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Aboriginal Affairs Unit up and running

March 1, 2009
by Norm Tollinsky
In: News with 0 Comments

The Ontario Ministry of Northern Development and Mines’ (MNDM) new Aboriginal Affairs Unit, established last summer, is gearing up to help mining companies and First Nations come to terms on mineral development activities on traditional lands.

Bernie Hughes, the director of the Unit, points to the Ontario government’s Ipperwash Inquiry, the reconciliation efforts related to the residential schools and recent Supreme Court rulings on the duty to consult First Nations as contributing to the government’s heightened interest in Aboriginal relations.

The focus on consultations is new to everybody, said Hughes, who assumed the role of director of MNDM’s Aboriginal Affairs Unit in July. “It’s new to government, industry and the First Nations, but everybody agrees that it has to happen, so the unit is here to make sure that government consults, that First Nations and industry consult with each other and that, when there are difficulties, the government helps negotiate, mediate or broker our way through that situation.”

The unit will also provide educational outreach to First Nations that are interested in knowing more about how the mining industry works.

According to Hughes, who served as director of policy and planning for Indian and Northern Affairs Canada in the Northwest Territories prior to joining MNDM, industry representatives often complain that they don’t always know who to talk to, while First Nation leaders say they don’t always know about mineral development activities on their traditional lands.

“It’s a very relevant issue in the mining sector and it’s difficult to deal with at times because it’s not always evident who companies have to talk to. There are 140 First Nations in Ontario. In some cases, their traditional lands butt up against each other and, in many cases, they overlap.”




To solve the problem, MNDM is developing a map that identifies traditional territories, “so when there’s a project in any given area of Ontario, it will tell us who the company has to talk to,” said Hughes.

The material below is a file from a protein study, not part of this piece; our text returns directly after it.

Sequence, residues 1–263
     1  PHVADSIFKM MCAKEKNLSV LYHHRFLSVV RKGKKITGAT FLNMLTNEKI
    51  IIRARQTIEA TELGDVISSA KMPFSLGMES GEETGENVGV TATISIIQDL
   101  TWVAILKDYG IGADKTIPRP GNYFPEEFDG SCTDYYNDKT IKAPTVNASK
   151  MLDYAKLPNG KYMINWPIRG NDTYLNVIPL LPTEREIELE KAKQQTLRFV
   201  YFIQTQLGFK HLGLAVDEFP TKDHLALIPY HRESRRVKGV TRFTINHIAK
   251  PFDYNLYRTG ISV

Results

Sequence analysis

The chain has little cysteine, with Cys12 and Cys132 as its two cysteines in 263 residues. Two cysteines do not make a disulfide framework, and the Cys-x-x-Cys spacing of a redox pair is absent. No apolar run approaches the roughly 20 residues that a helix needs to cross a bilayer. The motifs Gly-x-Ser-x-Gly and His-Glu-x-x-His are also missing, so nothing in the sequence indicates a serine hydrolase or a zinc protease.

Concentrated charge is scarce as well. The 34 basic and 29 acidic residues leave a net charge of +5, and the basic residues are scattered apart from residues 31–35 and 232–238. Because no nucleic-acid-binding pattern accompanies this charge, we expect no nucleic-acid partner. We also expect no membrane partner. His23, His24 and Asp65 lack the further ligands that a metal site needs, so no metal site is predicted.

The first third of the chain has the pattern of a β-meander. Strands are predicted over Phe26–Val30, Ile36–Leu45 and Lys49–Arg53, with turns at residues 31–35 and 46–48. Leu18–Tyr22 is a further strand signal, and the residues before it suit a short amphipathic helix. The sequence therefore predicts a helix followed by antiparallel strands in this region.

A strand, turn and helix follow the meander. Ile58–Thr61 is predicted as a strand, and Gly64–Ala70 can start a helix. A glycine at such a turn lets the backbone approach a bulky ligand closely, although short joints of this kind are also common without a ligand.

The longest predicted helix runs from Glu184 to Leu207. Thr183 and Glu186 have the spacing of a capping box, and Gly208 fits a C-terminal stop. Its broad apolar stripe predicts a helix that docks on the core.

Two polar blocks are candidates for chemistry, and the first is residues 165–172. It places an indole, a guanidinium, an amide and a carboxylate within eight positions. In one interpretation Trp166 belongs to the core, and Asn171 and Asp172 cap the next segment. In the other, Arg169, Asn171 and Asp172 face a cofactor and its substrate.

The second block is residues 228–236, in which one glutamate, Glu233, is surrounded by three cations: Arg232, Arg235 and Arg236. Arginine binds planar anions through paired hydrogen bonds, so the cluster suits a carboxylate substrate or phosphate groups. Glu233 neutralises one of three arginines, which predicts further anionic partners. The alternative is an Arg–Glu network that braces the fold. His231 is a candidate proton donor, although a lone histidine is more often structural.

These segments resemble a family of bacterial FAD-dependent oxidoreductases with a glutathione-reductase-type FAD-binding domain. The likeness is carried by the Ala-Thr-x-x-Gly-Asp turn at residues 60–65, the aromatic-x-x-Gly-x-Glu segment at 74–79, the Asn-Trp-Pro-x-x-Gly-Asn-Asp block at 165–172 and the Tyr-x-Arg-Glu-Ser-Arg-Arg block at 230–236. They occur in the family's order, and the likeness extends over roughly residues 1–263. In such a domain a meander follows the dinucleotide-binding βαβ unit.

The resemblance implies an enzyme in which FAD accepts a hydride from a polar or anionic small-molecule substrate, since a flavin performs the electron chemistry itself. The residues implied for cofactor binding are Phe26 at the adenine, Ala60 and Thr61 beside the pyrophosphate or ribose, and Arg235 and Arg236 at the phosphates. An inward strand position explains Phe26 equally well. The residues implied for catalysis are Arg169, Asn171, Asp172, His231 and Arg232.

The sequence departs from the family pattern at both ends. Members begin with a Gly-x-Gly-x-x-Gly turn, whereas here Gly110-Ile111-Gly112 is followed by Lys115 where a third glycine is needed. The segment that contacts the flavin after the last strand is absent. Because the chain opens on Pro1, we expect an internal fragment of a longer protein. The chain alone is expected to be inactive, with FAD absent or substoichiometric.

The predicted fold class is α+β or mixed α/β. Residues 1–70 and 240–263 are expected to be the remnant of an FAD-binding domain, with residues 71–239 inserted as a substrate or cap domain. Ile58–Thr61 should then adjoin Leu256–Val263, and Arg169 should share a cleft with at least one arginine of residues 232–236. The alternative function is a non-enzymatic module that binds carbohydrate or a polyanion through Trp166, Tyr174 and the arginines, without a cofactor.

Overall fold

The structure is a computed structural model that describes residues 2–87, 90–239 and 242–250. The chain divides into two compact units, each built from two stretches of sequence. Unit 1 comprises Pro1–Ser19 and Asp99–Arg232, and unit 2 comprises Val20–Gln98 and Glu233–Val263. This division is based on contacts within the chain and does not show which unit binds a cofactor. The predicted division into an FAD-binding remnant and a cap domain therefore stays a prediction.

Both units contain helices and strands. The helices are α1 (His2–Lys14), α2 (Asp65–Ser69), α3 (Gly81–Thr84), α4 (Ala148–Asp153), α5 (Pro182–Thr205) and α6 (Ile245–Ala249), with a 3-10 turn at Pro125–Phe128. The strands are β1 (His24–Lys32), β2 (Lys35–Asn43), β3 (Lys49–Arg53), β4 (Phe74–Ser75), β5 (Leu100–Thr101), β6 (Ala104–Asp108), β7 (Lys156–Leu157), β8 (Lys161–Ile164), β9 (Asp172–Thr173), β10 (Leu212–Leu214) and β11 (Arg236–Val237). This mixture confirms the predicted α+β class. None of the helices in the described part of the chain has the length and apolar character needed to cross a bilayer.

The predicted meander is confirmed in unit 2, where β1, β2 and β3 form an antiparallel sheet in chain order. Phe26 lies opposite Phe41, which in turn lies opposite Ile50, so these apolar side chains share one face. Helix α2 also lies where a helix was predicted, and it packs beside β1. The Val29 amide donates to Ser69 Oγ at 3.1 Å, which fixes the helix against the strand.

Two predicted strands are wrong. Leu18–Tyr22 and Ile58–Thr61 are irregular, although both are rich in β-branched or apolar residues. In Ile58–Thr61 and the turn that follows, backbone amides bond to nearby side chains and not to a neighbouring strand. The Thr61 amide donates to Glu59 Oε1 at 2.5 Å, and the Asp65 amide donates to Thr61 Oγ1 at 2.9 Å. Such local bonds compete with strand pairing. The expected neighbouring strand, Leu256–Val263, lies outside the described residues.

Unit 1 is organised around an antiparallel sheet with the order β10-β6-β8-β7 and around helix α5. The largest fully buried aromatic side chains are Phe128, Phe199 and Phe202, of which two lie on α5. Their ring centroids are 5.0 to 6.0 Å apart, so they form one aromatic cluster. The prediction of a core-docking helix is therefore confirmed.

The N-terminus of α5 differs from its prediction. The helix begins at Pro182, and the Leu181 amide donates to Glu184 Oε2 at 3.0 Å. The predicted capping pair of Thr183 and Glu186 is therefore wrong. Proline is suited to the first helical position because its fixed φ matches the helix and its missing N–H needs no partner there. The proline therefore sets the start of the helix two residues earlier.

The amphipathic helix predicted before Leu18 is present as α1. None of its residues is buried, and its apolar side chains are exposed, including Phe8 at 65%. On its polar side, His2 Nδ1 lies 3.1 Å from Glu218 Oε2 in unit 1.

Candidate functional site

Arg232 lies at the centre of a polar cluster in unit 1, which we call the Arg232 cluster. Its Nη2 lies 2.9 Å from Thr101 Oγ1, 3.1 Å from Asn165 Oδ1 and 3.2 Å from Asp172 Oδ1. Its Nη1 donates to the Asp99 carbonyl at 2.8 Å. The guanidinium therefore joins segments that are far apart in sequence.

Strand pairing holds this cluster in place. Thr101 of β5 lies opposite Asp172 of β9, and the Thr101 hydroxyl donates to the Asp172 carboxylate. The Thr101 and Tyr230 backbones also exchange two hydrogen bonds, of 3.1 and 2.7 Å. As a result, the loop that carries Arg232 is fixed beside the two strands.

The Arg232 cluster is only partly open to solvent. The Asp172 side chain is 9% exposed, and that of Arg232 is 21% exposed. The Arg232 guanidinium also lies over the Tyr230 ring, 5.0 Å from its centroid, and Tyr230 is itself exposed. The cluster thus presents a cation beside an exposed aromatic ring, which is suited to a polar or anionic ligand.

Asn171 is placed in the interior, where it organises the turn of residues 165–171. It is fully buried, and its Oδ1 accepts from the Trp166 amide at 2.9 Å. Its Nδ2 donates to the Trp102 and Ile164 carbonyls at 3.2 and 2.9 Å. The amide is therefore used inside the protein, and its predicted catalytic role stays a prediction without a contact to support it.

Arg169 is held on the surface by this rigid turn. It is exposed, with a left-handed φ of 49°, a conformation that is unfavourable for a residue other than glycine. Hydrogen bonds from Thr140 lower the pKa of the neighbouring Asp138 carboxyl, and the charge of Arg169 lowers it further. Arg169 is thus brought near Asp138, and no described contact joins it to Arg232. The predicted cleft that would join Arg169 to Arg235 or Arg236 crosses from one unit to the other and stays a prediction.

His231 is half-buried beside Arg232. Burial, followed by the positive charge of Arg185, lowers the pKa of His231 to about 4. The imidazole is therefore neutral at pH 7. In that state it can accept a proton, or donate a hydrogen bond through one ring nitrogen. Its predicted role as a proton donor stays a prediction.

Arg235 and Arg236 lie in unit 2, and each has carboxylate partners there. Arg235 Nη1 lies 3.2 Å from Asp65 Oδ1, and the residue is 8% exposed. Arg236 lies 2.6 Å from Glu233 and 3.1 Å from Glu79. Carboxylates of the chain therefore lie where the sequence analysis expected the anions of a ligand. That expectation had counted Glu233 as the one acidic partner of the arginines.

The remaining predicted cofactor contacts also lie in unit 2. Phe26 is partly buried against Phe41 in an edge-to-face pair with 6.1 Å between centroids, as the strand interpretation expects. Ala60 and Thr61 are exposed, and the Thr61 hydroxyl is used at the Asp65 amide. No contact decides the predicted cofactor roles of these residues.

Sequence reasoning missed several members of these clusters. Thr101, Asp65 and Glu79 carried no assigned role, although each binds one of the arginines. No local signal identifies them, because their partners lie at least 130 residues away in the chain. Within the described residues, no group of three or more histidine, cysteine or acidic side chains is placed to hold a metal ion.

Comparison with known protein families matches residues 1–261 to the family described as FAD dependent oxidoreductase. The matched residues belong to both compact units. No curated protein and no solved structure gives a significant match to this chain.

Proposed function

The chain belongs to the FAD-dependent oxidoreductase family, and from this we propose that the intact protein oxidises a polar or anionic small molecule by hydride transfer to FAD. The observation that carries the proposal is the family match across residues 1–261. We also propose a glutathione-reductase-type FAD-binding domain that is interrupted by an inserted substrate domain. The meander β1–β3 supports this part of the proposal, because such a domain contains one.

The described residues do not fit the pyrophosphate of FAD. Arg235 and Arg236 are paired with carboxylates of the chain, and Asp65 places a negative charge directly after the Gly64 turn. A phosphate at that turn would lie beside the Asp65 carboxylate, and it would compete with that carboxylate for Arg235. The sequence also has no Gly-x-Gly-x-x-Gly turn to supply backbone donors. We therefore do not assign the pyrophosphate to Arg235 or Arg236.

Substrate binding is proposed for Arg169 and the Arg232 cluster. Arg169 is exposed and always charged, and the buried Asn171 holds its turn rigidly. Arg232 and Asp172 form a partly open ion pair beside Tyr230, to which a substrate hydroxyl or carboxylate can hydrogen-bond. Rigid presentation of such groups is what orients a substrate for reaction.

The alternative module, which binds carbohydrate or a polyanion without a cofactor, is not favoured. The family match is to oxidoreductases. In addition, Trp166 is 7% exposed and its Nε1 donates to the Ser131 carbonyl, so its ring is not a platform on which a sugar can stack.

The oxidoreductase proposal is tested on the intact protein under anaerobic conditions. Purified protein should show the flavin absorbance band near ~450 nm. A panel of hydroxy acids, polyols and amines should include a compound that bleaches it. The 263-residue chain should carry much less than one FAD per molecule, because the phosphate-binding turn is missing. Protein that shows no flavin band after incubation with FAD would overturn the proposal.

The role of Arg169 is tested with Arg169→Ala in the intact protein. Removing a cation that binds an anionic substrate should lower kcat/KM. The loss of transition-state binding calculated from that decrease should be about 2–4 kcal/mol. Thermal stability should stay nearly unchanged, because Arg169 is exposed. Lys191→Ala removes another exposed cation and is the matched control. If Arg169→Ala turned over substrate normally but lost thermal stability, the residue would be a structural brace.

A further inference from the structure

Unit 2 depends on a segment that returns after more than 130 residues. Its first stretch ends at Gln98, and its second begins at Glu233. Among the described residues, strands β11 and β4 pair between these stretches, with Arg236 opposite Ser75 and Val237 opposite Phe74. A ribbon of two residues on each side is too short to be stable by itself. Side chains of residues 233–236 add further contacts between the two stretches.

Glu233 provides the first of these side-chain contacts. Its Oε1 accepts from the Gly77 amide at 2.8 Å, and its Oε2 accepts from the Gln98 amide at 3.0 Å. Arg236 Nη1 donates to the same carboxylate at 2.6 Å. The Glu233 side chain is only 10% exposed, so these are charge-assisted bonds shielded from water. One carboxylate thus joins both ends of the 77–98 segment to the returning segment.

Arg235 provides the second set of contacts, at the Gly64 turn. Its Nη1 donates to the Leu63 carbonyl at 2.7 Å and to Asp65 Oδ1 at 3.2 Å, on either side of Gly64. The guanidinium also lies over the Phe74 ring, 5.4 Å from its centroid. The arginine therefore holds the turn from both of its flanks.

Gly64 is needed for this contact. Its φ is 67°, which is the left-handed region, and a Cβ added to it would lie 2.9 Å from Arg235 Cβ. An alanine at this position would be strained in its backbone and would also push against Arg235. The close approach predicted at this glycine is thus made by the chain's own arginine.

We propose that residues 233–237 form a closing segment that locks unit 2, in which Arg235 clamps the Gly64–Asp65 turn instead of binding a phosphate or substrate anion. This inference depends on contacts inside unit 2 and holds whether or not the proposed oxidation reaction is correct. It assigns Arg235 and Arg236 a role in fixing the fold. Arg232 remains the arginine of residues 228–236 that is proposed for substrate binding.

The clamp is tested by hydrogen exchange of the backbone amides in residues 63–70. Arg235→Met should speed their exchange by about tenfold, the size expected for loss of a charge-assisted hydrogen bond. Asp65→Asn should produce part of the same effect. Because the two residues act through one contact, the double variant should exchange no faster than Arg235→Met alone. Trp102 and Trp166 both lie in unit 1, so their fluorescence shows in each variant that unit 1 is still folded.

Last year, the Ministry began notifying First Nations every three months about claims that have been staked and recorded on their traditional lands.

“We do a similar thing with the company that staked the claims,” said Hughes. “We tell them the following First Nations might be interested in hearing from you. You might want to talk to them about your project once you get it going and you’re contemplating work on the site.”

While MNDM strives to introduce mining companies and First Nations to each other, it shies away from telling them how to talk to each other or what to discuss – at least for now. Mining companies looking for advice about best practices are better off consulting with industry associations, said Hughes.

Any agreements negotiated are between mining companies and First Nations, he added.

“There’s nothing to say that there has to be an agreement and there’s nothing to say that the government needs to know about any agreement. In many cases, First Nations and industry don’t want government to be part of that discussion.”

In consultations on reforms to the province’s mining legislation scheduled to be introduced in May, First Nations and industry were at odds over including a requirement to negotiate an impact benefit agreement.


Benefit agreements


“The First Nations want to see IBAs regulated and, generally speaking, industry wants to keep IBAs out of the Act, so there’s a difference of opinion there and we will have to weigh both sets of interests to see which way we go,” said Hughes. “The First Nations want the certainty that there will be something. They’re not looking for a formula. They can work that out themselves.”

First Nation opinions about mining development on traditional lands range from enthusiasm to outright hostility.

“There’s a solid core of First Nations that have good experience with mineral development and are interested in furthering that because they see it as an avenue to economic development,” observed Hughes. “There are a lot of First Nations that don’t know enough about it and it may be a bit scary for them, but they’re willing to learn. Then there are First Nations out there that haven’t had positive experiences and don’t want anything to do with it.”

The Aboriginal Affairs Unit has staff based in Sudbury, Timmins, Thunder Bay and Toronto.

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